What is a Hybrid Advisor?

 

Traditionally, there’s been a big difference between a broker-dealer and a registered investment advisor. Anyone with the title of a registered investment advisor (sometimes called a fee-only advisor) has a fiduciary duty to their clients. Fiduciary duty means that the advisor is required to act in the best interest of the parties they’re serving. Broker-dealers are held to a lower standard. They’re required to present clients with suitable products, but that isn’t the same as presenting the best possible option. This standard can mean that it’s okay for them to recommend the best product for them, not their clients. Broker-dealers earn their money based on commissions.  They may put clients in investments that pay them better as long as it is considered “suitable” for the client.

 

Today, these distinctions are collapsing. Something called a hybrid registered investment advisor has emerged.  These advisors can also be called dual-registered or fee-based advisors. A hybrid advisor is meant to represent both the firm that they work for and their clients. The hybrid distinction can make a big difference to someone’s earning potential. Hybrid registered investment advisors can earn money from commissions from the investment products they use in addition to earning money from fees paid by clients.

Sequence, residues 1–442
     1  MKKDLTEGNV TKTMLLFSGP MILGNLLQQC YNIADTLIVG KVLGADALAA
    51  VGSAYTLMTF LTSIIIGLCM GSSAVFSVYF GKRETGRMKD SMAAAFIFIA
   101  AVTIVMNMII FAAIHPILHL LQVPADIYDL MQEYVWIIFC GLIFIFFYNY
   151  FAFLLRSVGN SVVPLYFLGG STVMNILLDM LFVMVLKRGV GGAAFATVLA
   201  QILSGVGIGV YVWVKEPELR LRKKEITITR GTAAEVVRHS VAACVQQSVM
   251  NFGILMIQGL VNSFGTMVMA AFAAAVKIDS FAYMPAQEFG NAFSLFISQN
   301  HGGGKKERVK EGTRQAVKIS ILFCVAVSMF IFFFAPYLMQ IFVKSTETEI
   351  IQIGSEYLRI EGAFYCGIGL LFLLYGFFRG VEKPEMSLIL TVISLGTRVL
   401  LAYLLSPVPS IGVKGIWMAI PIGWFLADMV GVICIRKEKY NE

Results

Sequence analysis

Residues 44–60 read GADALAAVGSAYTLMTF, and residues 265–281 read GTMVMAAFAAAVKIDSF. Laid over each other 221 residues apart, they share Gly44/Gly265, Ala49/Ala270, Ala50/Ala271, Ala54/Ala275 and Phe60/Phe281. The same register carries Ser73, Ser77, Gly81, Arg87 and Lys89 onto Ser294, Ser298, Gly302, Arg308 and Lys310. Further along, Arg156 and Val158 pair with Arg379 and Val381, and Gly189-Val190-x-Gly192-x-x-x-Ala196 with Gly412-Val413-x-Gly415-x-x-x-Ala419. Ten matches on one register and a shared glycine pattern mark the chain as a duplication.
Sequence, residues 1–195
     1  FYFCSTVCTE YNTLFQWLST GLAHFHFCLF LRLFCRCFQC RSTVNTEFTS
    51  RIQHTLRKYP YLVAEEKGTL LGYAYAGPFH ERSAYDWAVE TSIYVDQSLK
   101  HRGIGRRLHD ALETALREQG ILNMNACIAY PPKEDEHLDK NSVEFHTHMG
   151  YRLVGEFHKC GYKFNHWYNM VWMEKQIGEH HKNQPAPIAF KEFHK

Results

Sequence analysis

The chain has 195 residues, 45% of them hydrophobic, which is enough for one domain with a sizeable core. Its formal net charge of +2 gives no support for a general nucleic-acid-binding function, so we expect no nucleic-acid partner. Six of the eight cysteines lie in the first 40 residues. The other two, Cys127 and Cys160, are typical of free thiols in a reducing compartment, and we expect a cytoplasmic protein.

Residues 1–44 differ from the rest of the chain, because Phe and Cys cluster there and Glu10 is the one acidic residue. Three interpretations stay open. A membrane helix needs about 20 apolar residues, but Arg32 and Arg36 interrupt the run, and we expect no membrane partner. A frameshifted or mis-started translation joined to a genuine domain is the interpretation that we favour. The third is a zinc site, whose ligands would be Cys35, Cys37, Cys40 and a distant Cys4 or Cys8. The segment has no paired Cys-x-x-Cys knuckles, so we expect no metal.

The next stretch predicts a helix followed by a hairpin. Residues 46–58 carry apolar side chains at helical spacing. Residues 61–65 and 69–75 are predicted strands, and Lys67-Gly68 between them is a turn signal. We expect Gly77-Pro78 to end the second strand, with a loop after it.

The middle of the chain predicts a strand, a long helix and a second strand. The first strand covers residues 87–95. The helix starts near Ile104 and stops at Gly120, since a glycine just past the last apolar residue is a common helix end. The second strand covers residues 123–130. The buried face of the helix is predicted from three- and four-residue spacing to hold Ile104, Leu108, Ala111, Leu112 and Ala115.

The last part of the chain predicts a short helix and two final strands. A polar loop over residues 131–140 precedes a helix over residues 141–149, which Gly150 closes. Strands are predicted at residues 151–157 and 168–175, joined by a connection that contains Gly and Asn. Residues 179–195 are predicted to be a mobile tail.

While fee-based services may sound the same as fee-only services – because a fee is charged – they are not the same service. Hybrid “advisors” typically charge a fee based on assets under management (AUM), but then also receive other forms of compensation from the sale of investment products to you. In fact, many fee-based “advisors” went to a fee-type model for their business as a way to increase their compensation.  Although investment professionals that work on a fee-based basis frequently charge lower fees for their work than a fee-only advisor, don’t be deceived:  Their total compensation is often much more than that of a fee-only advisor due to other compensation they receive from selling investments to you.

 

Savvy clients have often looked for registered investment advisors instead of broker-dealers because they want their interests to be placed first. The new hybrid distinction can make it a bit harder for people to find the right advisory firm for them. Communication and careful reading of all disclosures are two things that have become much more important than ever before. Also, don’t be afraid to ask questions of any financial advisor. Ask them if they would sign a Fiduciary Oath.  You can tell a lot by their response. If they are eager or willing to sign it, you can feel more comfortable than if they say no or try to deflect the question.